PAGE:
Men's basketball attendance numbers up slightly in 2014-15
NCAA men’s basketball saw a slight bump in overall attendance for the 2014-15 season as 32,510,647 fans came to watch student-athletes in Divisions I, II and III.
Compared to last year, 480 more fans attended games, making this past season the eighth highest attendance in NCAA history. The record of 33,396,316 fans in a single season was set in 2007-08.
In Division I, attendance totaled 27,422,615 for the year. Although it was down slightly from a season ago, the attendance is the ninth highest total in history. However, the NCAA tournament total attendance increased. The tournament earned its third-highest attendance in history with 739,798 fans. The record-setting total of 800,377 came in 2012-13.
With the addition of Maryland and Rutgers, the Big Ten Conference led the way among conferences with a home and conference tournament total of 3,195,137, the second-highest total number of any conference in history. The all-time record of 3,259,992 was set by the 16-team Big East Conference in 2006-07.
Syracuse slightly edged Kentucky for the home attendance title for the second year in a row, as the Orange averaged 23,854 while the Wildcats brought in 23,572 a game. Kentucky led the nation the previous eight seasons. Louisville was third with 21,386 per game. North Carolina was fourth with 19,582; and Wisconsin finished in the top five with 17,279.
“NCAA college basketball attendance remains remarkably consistent across the country and all three NCAA divisions, as fans and alumni support their favorite teams from the largest arenas to the smallest gyms,” said Dan Gavitt, NCAA vice president for men’s basketball championships. “NCAA Division I games were attended by over 27 million fans for the ninth consecutive year, and March Madness was experienced by the third highest fan attendance in history for the NCAA Division I Men’s Basketball Championship.”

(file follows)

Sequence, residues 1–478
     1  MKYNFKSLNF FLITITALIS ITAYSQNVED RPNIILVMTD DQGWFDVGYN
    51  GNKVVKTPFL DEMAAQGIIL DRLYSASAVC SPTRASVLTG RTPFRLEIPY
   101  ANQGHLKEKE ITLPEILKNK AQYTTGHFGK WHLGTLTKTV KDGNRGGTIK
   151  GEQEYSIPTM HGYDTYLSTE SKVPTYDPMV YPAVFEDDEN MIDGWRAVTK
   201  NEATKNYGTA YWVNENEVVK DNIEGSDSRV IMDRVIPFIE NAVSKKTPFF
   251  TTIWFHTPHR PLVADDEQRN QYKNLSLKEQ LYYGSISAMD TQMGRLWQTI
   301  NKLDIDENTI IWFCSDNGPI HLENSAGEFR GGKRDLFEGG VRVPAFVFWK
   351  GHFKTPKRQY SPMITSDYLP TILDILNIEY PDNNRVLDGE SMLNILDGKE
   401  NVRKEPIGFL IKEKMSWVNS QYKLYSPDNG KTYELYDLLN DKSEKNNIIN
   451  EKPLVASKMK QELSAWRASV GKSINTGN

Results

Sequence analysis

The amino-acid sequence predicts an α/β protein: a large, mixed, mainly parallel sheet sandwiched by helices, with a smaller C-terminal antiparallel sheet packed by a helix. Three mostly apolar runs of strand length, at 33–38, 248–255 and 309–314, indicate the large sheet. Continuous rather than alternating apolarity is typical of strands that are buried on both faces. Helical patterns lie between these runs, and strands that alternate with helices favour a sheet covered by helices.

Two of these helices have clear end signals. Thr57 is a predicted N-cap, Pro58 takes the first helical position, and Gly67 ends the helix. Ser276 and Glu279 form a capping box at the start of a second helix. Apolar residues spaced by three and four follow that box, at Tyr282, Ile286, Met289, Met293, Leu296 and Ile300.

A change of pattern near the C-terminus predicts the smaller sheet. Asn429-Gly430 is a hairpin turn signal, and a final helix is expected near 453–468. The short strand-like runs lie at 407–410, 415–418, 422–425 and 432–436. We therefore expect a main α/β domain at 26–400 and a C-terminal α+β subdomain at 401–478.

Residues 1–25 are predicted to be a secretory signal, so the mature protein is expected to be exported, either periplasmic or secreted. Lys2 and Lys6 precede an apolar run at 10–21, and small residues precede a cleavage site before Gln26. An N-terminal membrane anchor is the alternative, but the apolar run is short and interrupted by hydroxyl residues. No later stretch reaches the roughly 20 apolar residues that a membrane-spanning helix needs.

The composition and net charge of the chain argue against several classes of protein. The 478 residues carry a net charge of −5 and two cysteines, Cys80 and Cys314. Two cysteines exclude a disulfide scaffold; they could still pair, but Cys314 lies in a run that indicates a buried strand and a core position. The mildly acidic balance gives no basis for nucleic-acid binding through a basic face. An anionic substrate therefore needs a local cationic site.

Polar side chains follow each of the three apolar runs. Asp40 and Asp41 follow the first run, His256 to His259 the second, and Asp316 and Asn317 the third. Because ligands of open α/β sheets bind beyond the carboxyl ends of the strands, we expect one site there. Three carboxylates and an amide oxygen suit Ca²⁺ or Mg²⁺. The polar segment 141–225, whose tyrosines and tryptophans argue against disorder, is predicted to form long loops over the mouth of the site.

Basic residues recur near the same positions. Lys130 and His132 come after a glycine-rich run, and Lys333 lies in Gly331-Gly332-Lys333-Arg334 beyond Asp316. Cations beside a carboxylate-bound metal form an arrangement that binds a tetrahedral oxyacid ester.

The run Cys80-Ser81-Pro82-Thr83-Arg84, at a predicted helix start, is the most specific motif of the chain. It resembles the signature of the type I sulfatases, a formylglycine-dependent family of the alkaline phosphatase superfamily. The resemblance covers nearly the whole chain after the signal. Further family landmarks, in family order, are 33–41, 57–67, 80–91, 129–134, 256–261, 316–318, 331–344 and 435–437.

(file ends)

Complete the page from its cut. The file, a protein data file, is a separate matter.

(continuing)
Other attendance highlights include:
• Kentucky led the nation in total home attendance with 447,874 fans at its games this season at Rupp Arena. The other two schools to reach at least 400,000 were Syracuse (429,378) and Louisville (406,338).
A total of 41 schools averaged more than 10,000 fans per game, including 11 from the Big Ten.
• The Big Ten also led all conferences in average attendance with 12,781 fans, ahead of the Atlantic Coast Conference (11,368), Southeastern Conference (10,819), Big 12 Conference (10,181) and Big East Conference (9,853). It marks the 39th consecutive season the Big Ten has led the nation in average attendance.
• There were 24 schools that had an increase of more than 1,000 fans from the 2013-14 season, led by North Carolina State, which saw attendance increase by 2,795 fans a game from 12,641 in 2013-14 to 15,436 in 2014-15.
• Kentucky led the nation in overall attendance as 845,594 fans saw the Wildcats play at home, on the road and in neutral sites. Wisconsin was second with 711,115 and Duke placed third with 664,146.
• Division II attendance was up 37,373 fans from a season ago with a total of 2,785,383, the most since 2011-12.
• For the eighth consecutive year, Northern State led Division II in attendance with 3,402 fans per game. Augustana (S.D.) was second (2,697), Fort Hays State was third (2,656), Central Missouri fourth (2,647) and fifth place went to Dixie State (2,607).
• For Division II conferences, the Mid-America Intercollegiate Athletic Association had the highest home attendance average for the sixth consecutive year with an average of 1,514. The Lone Star Conference (1,169) also averaged more than 1,000 fans per game.
• For the 13th consecutive year, Hope led Division III in attendance with an average of 2,331. Wooster was second (1,620), Augustana (Ill.) (1,460) was third, Calvin came in fourth (1,455), while Wisconsin-Stevens Point rounded out the top five (1,437).
• Among Division III conferences, the Michigan Intercollegiate Athletic Association reclaimed the top spot with an average of 806. The conference led Division III in attendance for 22 consecutive years prior to being knocked off by the College Conference of Illinois and Wisconsin a season ago.